When I was a young girl, my dad had a small garden next to our driveway.

He didn’t spend a lot of time or energy there because he was busy tending his vegetables in another part of the yard. He did, however, put in some large pieces of driftwood that he seemed to enjoy.

One summer evening, one of our neighbors came over holding a small sprig of ivy.

He told my dad that it was part of a cutting from a friend of a friend who had taken it from Mount Vernon, the estate owned by George and Martha Washington.

It was his treasure, and he was sharing it.

I remember my dad graciously accepting the gift and planting it in the small garden near our car. Because it was ivy, it quickly took over and we then had the bragging rights of growing ivy — almost directly — from the gardens of our first president.

I was young then, and I didn’t really value the gift or its history. And because our yard was in Indiana, nearly 600 miles away from Virginia, the distance seemed too vast to have value.

Proximity is important, isn’t it?

One of my favorite Gospels is the story of the woman who touches the hem of Jesus’ garment. I heard it all my life, but it became mine one Sunday morning many years ago.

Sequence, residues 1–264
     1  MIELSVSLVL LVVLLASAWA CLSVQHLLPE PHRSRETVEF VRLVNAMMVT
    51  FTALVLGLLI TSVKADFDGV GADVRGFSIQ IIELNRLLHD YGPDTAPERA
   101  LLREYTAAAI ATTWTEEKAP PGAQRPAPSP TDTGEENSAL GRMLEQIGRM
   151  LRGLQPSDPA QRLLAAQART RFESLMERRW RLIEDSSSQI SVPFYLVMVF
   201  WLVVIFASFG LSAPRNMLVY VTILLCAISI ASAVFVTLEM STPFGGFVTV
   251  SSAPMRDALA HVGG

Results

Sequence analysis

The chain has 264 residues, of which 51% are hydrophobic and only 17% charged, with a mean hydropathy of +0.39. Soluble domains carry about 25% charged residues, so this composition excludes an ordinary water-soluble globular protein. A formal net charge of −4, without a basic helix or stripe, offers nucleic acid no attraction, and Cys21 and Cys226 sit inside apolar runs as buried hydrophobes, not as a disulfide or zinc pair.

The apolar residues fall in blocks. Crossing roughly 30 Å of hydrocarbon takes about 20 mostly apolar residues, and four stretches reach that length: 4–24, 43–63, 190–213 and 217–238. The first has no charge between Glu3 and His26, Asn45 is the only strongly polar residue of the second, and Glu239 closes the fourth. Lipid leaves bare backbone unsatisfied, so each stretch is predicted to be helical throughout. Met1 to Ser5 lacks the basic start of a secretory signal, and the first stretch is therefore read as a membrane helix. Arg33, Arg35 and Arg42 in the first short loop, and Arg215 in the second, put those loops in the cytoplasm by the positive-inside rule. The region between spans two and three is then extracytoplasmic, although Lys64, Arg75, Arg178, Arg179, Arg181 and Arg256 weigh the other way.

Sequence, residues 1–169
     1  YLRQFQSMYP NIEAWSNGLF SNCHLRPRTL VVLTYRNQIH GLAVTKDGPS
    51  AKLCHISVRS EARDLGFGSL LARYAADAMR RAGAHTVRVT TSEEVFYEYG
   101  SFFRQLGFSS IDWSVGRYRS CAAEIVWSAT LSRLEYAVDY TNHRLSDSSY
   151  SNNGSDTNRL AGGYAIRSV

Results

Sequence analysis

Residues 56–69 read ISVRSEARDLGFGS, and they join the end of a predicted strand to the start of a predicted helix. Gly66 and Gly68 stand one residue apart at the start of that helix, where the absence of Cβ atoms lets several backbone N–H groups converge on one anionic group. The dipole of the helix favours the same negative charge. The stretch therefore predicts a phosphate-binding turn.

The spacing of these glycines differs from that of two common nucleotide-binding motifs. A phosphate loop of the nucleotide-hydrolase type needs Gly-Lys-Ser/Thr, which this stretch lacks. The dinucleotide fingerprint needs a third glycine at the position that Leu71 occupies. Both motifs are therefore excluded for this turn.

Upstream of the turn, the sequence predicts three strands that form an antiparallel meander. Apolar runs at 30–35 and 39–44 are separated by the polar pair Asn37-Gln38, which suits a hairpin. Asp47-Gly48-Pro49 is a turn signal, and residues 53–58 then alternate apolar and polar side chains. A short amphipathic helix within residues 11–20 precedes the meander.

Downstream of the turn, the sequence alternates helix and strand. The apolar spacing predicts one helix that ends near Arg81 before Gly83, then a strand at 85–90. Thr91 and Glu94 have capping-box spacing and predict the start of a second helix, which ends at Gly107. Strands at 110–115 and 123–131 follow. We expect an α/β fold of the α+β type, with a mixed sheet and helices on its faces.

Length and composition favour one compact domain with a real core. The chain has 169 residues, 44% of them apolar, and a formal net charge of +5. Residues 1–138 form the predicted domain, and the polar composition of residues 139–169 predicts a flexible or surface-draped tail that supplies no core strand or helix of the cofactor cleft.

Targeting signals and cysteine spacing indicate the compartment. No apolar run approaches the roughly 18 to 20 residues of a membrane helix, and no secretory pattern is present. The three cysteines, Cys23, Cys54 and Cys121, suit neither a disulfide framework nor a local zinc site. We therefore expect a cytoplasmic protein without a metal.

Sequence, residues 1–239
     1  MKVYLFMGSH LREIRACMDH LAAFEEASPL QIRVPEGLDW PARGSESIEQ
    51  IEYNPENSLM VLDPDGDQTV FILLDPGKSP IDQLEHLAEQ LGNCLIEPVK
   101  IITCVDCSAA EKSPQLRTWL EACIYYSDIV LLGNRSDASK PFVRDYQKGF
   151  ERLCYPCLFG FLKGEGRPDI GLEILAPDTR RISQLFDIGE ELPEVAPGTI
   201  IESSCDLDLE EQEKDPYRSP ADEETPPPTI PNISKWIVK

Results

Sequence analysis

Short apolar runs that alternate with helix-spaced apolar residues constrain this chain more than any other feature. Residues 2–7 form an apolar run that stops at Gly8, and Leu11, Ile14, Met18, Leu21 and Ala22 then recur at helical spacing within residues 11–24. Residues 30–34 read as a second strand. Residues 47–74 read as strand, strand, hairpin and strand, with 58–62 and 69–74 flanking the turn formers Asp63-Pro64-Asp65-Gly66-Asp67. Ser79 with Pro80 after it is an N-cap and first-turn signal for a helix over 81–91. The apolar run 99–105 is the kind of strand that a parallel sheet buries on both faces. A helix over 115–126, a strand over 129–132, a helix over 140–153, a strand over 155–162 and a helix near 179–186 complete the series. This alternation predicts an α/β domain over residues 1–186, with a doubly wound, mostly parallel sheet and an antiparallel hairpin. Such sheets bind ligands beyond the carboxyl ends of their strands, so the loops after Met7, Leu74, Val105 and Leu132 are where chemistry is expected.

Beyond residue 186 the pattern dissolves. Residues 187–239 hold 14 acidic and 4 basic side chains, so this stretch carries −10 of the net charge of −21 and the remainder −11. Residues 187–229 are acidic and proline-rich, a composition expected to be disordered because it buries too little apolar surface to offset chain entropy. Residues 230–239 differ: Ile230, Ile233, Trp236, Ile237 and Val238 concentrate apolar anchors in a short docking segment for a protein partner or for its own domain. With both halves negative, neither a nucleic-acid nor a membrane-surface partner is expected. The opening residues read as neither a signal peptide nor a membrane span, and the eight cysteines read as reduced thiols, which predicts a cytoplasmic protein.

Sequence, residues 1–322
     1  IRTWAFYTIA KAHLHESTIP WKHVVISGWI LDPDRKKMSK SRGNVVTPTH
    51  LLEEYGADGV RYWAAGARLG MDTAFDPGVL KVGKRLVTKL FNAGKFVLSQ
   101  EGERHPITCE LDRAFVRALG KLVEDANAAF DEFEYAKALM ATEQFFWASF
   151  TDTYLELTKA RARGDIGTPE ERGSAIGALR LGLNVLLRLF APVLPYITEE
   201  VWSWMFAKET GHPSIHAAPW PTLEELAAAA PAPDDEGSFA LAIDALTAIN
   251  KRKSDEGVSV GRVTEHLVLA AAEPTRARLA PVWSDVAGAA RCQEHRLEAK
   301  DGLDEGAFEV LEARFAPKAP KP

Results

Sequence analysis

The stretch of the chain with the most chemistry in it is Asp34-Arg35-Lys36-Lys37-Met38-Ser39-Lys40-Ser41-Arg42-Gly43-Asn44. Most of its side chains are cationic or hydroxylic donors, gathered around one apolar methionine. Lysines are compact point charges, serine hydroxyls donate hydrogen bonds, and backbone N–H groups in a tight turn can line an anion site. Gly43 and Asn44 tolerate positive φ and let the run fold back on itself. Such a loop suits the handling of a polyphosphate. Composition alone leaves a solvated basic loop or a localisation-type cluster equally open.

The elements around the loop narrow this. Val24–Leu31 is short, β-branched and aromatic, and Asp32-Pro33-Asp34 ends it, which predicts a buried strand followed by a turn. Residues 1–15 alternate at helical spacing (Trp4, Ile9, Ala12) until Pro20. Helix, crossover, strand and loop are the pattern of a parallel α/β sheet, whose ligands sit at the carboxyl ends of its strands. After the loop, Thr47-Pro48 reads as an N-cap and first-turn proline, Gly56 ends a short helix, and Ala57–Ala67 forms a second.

I was attending a retreat, and the retreat master introduced me to the prayer technique of Ignatian Gospel contemplation. In it, the listener puts herself right in the middle of a scene in the Gospel. I was encouraged to use my senses as I listened to the words.

On that morning, I became the woman pushing through the crowd. I was not intent on catching Jesus’ eye or shaking His hand. My only goal was to lower myself in the middle of the throng of people and try to touch the hem of His garment.

I became the woman with the horrible illness who was intent on being healed. I became the woman who believed that only Jesus could cure me.

I wanted the proximity, the nearness to Him, because I wanted to be healed.

Isn’t that the way we should lead our lives? Always striving to be in His presence. Always seeking Him out, oblivious to others around us. Oblivious to everything but Him.

Some days, it’s just too hard. Some days, He only gets a sliver of attention from us, which is sad.

The saints understood. They knew that seeking closeness to Jesus needed to be their primary focus. That’s why we honor them.

Matthew 6 reminds us not to worry, not to be anxious. Why? Because God the Father knows the desires of our hearts.

We are to “seek first the Kingdom of God and His righteousness,” and God will take care of the rest.

Easy words to read. Hard words to live.

But they are really all about proximity.

Our proximity to Jesus.